The results were impressive. The speeds they expected to get with the new props were even higher than expected. Pilots Tom Aberle and Andrew Buehler wanted to get some time on the prop to see what it would do if pushed to higher speeds and rpm, a very good idea as it turned out. Until the Lipps props, it was discovered the laminations were starting to bleed resins out, and operation at the speed range needed to sustain racing speeds were not going to be possible. After extensive examination of the propellers destroyed in 2003, newer production and curing methods were explored, and more carbon composite was used in the laminations along with the Lipps planform. The result was that most of the previous problems did not reoccur in subsequent testing and racing.

With wins in 2004, 2005, and 2006, followed by a broken engine in 2007, Phantom was back in 2008 with upgrades and won the event with a speed of 251.975. This year, a newer propeller design by Paul Lipps will be tried, which is expected to add perhaps 5 mph or more to the racing speeds on the course. Other modifications due to be completed are replacement of the landing gear wheelpants to reduce some identified drag points under the plane. Improved cooling in the engine compartment and profile changes to the ducting are expected to give even better cooling and performance.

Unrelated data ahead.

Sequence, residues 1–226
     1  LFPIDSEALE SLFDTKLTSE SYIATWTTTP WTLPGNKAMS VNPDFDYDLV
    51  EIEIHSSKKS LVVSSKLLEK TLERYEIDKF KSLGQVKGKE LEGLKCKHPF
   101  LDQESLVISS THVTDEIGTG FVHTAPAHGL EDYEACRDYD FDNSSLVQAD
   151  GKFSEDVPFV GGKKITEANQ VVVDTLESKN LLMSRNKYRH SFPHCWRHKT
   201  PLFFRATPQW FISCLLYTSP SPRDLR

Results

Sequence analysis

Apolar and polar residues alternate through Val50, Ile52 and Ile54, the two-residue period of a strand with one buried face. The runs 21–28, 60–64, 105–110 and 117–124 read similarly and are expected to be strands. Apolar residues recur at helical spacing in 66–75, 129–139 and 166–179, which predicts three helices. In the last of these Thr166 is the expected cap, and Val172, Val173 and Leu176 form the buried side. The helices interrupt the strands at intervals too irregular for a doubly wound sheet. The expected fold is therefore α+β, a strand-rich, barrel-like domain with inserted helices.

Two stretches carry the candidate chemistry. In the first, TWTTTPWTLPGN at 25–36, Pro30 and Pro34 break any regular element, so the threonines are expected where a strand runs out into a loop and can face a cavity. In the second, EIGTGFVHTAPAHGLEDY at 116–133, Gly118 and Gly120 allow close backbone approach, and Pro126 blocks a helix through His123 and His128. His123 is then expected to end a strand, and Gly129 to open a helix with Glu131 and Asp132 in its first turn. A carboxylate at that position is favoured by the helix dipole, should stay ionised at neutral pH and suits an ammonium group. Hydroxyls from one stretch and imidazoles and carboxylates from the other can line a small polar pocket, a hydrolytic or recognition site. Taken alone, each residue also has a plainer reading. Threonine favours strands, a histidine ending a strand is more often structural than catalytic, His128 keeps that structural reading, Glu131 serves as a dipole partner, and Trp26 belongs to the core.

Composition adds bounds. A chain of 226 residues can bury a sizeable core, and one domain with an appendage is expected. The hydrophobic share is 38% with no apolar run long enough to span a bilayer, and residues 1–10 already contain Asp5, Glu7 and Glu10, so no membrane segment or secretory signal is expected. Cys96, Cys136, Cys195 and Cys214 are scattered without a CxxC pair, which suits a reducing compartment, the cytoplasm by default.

Contact: Roger Brower
1007 E. Virginia Ter.
Santa Paula, CA 93060

E-mail: airacer@tfb.com
Website: www.TFB.com/aberlecustomaircraft
Phone: 760-723-1731
Postal address:
2141 S. Mission Rd.
Fallbrook, CA 92028



Span: 19+ feet
Length: 18+ feet
Height (level): 6.5+ feet

Seats: 1
Cockpit width: 20+ inches-
Cockpit height: 36+ inches

Never exceed speed: 290 mph indicated airspeed
Design cruising speed: 75 percent 200+ @ 2600 rpm
Stall speed: 80 mph
Rate of climb (estimated): 3,000 fpm
Ceiling: 25 feet above ground level
Fuel capacity: 19.73 U.S. gallons

Empty: 738 pounds

Top Wing
Dihedral: 0 degrees
Washout: 0 degrees
Sweep: 0 degrees
Incidence: 1+ degree

Bottom Wing
Dihedral: 1.5 degrees
Washout: 0 degrees
Sweep: 0 degrees
Incidence: 0 degrees

Elevator (Projected)
Deflection-up: 25 degrees 
Deflection-down: 21 degrees
Rudder (Projected)
Deflection: 30-30 degrees

Make: Lycoming
Cylinders: 4
Displacement: 360 cubic inches
Max horsepower: 250+ @ 3xxx rpm (Classified)
Fuel: 100LL

Type: Fixed-pitch
Material: Wood/composite